“I am really scared, and miserable thinking of the side effects edible insects could cause to us humans.” (Male, 32 years)“Edible insects are probably better for the environment and for your health in many ways.” (Male, 21 years)
“I am sure they have some nasty bacteria, carry unknown diseases, some specific infections, absolutely no way for me to consume them.” (Male, 38 years)“I believe edible insects bring heaps of essential nutrients that are great for us humans.” (Female, 34 years)
Table 8. Environmental factor.
Table 8. Environmental factor.
Greenhouse Gas EmissionsSustainable FarmingBetter Environment
“Insects I read produce only a small fraction of greenhouse gases which make them more environmentally friendly than other farm animals.” (Male, 22 years)“Edible insects and other meat alternatives are necessary to consume for the environment, the animal welfare and the resources we need to raise animals.” (Male, 22 years)“The idea of eating insects is outrage but many will embrace it as it’s a solution for a better environment.” (Female, 20 years)
“This alternative is important as it can help to reduce greenhouse emissions, save animals and focus on health.” (Male, 22 years)“Edible insects are less land consuming than traditional farmed animals. They can multiply quickly in small areas.” (Female, 22 years)“The meat processing industry is affecting the world and environment. New meat-free products will help to change our environment in the long term for the good.” (Female, 20 years)
“Necessary is any food that will keep us alive and save the planet from global warming, like insects.” (Female, 22 years)“Somewhat any edible insects are fast growing and multiplying which is good for securing sufficient food in short period of time.” (Female, 22 years)“It is necessary to try new alternatives to our traditional food and meat, and check [the] impact they have on the planet. We need to create a better environment with our food choices.” (Male, 26 years)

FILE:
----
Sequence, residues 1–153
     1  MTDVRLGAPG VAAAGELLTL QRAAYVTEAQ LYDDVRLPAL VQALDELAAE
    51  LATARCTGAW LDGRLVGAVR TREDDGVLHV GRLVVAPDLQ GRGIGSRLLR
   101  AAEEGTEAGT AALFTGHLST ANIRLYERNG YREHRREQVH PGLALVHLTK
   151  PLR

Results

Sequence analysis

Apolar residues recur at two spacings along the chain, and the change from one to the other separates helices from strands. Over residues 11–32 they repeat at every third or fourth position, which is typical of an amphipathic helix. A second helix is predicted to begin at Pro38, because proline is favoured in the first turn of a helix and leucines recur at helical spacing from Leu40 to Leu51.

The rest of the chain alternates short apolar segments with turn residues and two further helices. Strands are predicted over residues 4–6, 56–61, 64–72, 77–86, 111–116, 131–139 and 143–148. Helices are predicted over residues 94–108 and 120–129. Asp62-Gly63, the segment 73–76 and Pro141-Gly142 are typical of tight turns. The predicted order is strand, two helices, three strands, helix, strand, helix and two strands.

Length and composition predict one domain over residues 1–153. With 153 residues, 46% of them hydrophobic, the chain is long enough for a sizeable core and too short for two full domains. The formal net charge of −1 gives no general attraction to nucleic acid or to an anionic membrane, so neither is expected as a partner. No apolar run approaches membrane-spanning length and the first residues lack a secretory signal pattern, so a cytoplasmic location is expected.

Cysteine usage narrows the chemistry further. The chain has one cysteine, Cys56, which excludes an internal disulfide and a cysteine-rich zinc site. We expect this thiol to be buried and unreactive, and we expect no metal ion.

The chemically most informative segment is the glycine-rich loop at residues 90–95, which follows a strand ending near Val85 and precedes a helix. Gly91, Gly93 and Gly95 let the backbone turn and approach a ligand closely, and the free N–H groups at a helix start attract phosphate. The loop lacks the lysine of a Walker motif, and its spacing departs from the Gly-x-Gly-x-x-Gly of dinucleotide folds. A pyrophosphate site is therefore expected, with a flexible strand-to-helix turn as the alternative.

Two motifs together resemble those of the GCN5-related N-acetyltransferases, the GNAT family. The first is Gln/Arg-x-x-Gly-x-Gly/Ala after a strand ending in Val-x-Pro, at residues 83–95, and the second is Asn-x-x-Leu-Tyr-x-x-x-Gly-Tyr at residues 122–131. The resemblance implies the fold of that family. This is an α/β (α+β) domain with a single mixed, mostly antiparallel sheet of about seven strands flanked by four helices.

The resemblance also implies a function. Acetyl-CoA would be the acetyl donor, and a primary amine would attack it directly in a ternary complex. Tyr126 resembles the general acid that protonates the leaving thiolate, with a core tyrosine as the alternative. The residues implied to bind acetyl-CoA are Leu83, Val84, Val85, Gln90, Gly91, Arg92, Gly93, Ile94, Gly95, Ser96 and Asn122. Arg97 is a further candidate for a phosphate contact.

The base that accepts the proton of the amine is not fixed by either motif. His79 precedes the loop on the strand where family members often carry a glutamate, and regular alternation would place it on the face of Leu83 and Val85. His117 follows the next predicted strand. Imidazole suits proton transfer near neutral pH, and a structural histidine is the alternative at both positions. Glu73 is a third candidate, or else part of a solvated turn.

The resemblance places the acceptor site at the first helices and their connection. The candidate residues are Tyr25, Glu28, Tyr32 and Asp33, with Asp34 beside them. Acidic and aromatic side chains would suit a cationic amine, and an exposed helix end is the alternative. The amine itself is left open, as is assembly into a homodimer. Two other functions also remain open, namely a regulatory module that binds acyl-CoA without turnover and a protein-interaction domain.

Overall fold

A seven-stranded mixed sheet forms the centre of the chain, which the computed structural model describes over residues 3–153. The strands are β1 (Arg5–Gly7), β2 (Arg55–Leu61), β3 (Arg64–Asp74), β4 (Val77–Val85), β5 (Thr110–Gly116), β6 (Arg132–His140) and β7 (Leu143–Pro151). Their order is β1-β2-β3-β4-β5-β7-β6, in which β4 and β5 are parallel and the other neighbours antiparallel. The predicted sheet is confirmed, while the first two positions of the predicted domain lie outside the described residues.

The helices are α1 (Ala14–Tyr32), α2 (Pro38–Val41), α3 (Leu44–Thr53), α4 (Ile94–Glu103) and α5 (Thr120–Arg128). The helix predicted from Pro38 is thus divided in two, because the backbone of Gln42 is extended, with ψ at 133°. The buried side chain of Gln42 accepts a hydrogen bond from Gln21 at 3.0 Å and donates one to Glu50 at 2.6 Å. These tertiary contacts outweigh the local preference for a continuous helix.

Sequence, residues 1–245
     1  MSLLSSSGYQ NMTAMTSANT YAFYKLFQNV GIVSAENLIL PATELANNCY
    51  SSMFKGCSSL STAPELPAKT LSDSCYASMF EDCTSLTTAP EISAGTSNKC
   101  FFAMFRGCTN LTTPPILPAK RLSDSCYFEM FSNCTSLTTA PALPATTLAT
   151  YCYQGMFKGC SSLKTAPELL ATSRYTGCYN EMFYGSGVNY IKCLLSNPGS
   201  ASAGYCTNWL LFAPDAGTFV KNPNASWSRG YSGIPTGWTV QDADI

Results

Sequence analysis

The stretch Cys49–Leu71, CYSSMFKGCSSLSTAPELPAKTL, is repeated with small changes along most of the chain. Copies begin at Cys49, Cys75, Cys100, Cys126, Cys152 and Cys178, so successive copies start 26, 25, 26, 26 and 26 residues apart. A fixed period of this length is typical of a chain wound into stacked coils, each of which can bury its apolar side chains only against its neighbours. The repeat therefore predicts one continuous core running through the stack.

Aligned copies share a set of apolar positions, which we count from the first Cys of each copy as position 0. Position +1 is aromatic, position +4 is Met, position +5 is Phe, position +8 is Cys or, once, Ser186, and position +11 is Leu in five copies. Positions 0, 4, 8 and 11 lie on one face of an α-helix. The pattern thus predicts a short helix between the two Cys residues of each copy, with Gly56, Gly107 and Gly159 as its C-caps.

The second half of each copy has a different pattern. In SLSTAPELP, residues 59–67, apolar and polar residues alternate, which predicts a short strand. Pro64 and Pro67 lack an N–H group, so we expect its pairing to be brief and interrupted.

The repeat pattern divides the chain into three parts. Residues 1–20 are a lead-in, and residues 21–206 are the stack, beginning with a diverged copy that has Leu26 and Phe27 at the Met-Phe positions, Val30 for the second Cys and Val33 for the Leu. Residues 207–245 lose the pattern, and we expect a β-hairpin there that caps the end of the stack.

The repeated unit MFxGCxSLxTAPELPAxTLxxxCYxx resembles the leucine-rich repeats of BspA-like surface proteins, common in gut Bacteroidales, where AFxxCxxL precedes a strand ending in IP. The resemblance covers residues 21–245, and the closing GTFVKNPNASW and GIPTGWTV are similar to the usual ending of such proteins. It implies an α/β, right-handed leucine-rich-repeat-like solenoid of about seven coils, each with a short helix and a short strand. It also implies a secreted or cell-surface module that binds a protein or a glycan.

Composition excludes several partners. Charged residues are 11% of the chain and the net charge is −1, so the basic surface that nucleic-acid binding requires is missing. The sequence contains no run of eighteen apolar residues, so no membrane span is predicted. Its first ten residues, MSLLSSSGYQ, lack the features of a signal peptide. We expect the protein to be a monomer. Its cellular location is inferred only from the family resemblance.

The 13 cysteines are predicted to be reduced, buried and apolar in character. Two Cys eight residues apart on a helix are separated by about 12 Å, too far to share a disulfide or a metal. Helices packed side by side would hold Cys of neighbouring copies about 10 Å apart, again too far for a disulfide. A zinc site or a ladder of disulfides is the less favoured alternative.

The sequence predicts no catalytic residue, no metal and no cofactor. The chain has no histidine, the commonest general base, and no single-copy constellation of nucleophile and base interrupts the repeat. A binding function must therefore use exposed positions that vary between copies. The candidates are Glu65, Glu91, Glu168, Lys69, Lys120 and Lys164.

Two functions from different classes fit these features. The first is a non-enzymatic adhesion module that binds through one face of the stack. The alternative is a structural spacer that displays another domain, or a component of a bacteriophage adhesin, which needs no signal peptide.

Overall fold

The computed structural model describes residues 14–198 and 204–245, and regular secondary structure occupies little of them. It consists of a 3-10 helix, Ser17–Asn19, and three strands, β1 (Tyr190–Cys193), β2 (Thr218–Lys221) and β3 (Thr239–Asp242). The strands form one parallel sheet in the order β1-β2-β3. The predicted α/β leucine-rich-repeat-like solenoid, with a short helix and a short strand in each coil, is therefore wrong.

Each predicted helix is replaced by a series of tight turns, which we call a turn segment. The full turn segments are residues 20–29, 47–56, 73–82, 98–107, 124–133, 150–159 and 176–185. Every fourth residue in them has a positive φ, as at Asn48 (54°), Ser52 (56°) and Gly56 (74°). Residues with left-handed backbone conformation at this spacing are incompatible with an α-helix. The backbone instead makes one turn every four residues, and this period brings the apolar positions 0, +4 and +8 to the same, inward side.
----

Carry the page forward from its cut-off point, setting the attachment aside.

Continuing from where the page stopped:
Table 9. Marketing factors.
Table 9. Marketing factors.
Visual PresentationDescriptive Presentation
“I think it’s the same as eating weird things like oysters, snails, mussels. Edible insects can taste very nice when they are properly cooked and served in a pleasant for the eyes way.” (Female, 39 years)“Maybe if marketed as [a] good healthy thing to have I could include some insect-based ingredients, more likely flour or something else that is not too visible what exactly it is.” (Female, 22 years)
“They could add some crunchiness to meat I believe, but still we have to think of the way they are presented and with this respect cricket flour could be a good option on offer.” (Female, 36 years)“I believe the nutritional benefits are essential for me to decide to consume of not.” (Male, 36 years)
“Visually insects are not the best-looking food but if created in a nicer way they could be pleasant for people to eat. To be accepted by people, it’s all about how they are presented.” (Male, 37 years)“Palate pleasant presentation.” (Female, 40 years)
Table 10. Vegetarians about eating insects, 2019 Survey.
Table 10. Vegetarians about eating insects, 2019 Survey.
“Although I don’t consume meat I think it is important to consider insects as an option as they are grass-feeder and also our population will be getting larger and larger, and our only and necessary choice apart from our current food will be to choose insects. That is why I think that we all should consider eating insects.” (Male, 40 years)
“I am vegetarian, not so strict as I am eating cheese and eggs, but I believe we need the edible insects as solution to reduce the environmental problems caused by livestock production and intense factory farming.” (Female, 21 years)
“Edible insects and incest-based products are an interesting alternative to meat. Of course, it is far away from an option for a vegan like me but for many people consuming lots of meat will be [a] very good alternative and maybe [a] healthier alternative. It will contribute to the climate change agenda.” (Female, 18 years)

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Sogari, G.; Bogueva, D.; Marinova, D. Australian Consumers’ Response to Insects as Food. Agriculture 2019, 9, 108.

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Sogari G, Bogueva D, Marinova D. Australian Consumers’ Response to Insects as Food. Agriculture. 2019; 9(5):108.

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Sogari, Giovanni, Diana Bogueva, and Dora Marinova. 2019. "Australian Consumers’ Response to Insects as Food" Agriculture 9, no. 5: 108.